Recurrent flooding occurs in most years along different parts of the Gulf of Mexico coastline and the central and southeastern parts of Mexico. These events cause significant economic losses in the agricultural, livestock, and infrastructure sectors, and frequently involve loss of human life. Climate change has contributed to flooding events and their more frequent occurrence, even in areas where such events were previously rare. Satellite images have become valuable information sources to identify, precisely locate, and monitor flooding events. The machine learning models use remote sensing images pixels as input feature. In this paper, we report a study involving 16 combinations of Sentinel-1 SAR images, Sentinel-2 optical images, and digital elevation model (DEM) data, which were analyzed to evaluate the performance of two widely used machine learning algorithms, gradient boosting (GB) and random forest (RF), for providing information about flooding events. With machine learning models GB and RF, the input dataset (Sentinel-1, Sentinel-2, and DEM) was used to establish rules and classify the set in the categories specified by previous tags. Monitoring of flooding was performed by tracking the evolution of water bodies during the dry season (before the event) through to the occurrence of floods during the rainy season (during the event). For detection of bodies of water in the dry season, the metrics indicate that the best algorithm is GB with combination 15 (F1m = 0.997, AUC = 0.999, K = 0.994). In the rainy season, the GB algorithm had better metrics with combination 16 (F1m = 0.995, AUC = 0.999, Kappa = 0.994), and detected an extent of flooded areas of 1113.36 ha with depths of <1 m. The high classification performance shown by machine learning algorithms, particularly the so-called assembly algorithms, means that they should be considered capable of improving satellite image classification for detection of flooding over traditional methods, in turn leading to better monitoring of flooding at local, regional, and continental scales. Full article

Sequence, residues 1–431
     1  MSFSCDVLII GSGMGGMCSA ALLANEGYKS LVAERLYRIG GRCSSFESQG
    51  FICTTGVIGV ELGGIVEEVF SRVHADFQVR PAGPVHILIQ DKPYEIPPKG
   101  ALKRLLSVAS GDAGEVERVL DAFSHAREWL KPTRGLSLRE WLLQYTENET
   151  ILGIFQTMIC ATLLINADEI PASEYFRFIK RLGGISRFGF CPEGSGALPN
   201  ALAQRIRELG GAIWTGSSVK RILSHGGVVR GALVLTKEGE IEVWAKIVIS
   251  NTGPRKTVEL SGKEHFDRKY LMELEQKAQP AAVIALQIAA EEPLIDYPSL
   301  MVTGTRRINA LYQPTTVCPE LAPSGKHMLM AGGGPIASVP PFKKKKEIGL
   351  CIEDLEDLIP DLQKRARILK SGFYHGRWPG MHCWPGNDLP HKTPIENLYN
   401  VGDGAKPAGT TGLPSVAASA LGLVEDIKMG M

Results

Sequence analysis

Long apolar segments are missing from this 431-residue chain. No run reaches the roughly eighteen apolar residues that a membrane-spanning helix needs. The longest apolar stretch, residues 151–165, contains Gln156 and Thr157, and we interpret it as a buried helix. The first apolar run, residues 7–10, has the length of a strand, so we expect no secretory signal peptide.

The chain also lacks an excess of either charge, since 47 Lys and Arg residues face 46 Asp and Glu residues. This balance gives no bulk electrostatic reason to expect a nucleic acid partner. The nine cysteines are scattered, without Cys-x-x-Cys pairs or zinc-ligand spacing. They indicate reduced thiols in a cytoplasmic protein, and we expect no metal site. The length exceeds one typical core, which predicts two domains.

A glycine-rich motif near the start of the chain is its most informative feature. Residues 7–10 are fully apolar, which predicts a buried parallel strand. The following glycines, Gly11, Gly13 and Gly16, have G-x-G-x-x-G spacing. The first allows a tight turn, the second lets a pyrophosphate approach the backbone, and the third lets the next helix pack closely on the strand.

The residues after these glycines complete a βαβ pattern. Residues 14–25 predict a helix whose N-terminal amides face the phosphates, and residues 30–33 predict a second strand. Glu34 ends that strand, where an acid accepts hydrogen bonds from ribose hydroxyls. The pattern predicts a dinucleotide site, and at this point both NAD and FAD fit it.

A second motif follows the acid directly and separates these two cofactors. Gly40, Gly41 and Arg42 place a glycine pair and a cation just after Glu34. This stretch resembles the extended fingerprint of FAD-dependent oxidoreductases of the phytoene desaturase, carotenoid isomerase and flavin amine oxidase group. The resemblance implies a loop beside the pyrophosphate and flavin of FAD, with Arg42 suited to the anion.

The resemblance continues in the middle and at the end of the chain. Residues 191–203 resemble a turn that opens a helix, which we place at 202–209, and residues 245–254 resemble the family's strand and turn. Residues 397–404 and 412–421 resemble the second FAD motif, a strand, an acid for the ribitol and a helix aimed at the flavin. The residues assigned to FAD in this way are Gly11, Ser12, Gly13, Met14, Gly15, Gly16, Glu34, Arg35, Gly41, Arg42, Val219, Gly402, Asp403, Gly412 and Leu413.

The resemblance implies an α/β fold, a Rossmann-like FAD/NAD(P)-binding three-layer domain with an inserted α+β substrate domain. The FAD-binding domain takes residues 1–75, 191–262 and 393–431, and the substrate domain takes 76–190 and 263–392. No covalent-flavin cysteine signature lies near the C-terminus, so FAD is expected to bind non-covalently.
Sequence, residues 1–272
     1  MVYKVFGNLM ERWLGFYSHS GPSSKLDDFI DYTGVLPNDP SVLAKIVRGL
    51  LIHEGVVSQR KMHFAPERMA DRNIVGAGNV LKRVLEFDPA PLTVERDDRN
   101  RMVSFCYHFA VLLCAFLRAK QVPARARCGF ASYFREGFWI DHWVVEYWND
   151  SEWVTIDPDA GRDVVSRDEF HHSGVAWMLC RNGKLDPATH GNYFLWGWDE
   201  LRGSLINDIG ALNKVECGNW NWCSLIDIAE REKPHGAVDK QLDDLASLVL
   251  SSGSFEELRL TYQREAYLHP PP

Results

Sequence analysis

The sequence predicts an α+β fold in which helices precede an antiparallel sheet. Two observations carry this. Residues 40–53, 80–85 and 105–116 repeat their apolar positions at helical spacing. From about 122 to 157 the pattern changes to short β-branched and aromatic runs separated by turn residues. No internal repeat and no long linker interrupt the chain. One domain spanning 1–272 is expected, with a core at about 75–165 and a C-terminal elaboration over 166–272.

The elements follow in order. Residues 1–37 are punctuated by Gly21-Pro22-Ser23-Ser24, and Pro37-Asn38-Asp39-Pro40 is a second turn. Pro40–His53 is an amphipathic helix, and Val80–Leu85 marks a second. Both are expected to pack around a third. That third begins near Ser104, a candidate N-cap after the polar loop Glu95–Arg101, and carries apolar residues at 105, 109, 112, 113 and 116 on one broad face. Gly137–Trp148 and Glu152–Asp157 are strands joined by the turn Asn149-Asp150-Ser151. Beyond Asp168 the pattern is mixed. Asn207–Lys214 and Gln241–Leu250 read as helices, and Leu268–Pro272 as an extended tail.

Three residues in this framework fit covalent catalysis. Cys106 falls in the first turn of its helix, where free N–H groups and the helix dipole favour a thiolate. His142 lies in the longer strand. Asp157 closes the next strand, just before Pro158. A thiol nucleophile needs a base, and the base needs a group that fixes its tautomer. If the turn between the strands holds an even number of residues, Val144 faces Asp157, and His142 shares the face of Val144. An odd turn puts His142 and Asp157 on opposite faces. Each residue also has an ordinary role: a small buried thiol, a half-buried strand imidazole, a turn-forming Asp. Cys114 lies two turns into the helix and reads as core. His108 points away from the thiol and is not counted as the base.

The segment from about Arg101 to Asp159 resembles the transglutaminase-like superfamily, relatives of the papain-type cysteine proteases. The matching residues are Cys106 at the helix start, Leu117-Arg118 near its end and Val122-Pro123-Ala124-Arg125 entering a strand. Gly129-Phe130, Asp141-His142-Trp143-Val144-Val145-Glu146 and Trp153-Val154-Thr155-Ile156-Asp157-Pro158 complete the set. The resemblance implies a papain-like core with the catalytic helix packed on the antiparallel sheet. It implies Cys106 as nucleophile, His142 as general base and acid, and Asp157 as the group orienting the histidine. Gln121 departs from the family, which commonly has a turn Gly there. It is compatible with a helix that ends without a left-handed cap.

(This article belongs to the Special Issue Natural Disasters and Hazards in the Geographical Environment)